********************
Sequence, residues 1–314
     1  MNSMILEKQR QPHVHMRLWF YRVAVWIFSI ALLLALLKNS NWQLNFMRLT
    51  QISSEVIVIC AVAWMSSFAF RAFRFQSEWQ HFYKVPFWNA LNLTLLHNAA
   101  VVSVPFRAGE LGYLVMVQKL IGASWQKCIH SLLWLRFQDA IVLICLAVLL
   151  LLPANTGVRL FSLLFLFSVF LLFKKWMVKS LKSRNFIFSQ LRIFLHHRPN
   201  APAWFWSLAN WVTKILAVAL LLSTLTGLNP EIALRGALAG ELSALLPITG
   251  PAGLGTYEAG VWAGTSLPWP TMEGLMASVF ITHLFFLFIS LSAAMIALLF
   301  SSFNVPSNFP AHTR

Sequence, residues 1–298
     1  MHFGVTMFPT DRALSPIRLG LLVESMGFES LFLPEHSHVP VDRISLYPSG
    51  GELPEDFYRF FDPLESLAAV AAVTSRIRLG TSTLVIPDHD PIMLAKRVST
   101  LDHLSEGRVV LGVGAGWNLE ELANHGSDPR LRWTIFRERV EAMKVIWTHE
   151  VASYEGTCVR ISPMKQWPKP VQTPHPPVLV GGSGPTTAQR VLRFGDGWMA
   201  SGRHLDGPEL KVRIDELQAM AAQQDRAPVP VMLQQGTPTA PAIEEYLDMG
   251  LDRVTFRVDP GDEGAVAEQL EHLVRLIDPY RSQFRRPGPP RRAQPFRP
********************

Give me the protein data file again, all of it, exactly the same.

Sequence, residues 1–314
     1  MNSMILEKQR QPHVHMRLWF YRVAVWIFSI ALLLALLKNS NWQLNFMRLT
    51  QISSEVIVIC AVAWMSSFAF RAFRFQSEWQ HFYKVPFWNA LNLTLLHNAA
   101  VVSVPFRAGE LGYLVMVQKL IGASWQKCIH SLLWLRFQDA IVLICLAVLL
   151  LLPANTGVRL FSLLFLFSVF LLFKKWMVKS LKSRNFIFSQ LRIFLHHRPN
   201  APAWFWSLAN WVTKILAVAL LLSTLTGLNP EIALRGALAG ELSALLPITG
   251  PAGLGTYEAG VWAGTSLPWP TMEGLMASVF ITHLFFLFIS LSAAMIALLF
   301  SSFNVPSNFP AHTR

Sequence, residues 1–298
     1  MHFGVTMFPT DRALSPIRLG LLVESMGFES LFLPEHSHVP VDRISLYPSG
    51  GELPEDFYRF FDPLESLAAV AAVTSRIRLG TSTLVIPDHD PIMLAKRVST
   101  LDHLSEGRVV LGVGAGWNLE ELANHGSDPR LRWTIFRERV EAMKVIWTHE
   151  VASYEGTCVR ISPMKQWPKP VQTPHPPVLV GGSGPTTAQR VLRFGDGWMA
   201  SGRHLDGPEL KVRIDELQAM AAQQDRAPVP VMLQQGTPTA PAIEEYLDMG
   251  LDRVTFRVDP GDEGAVAEQL EHLVRLIDPY RSQFRRPGPP RRAQPFRP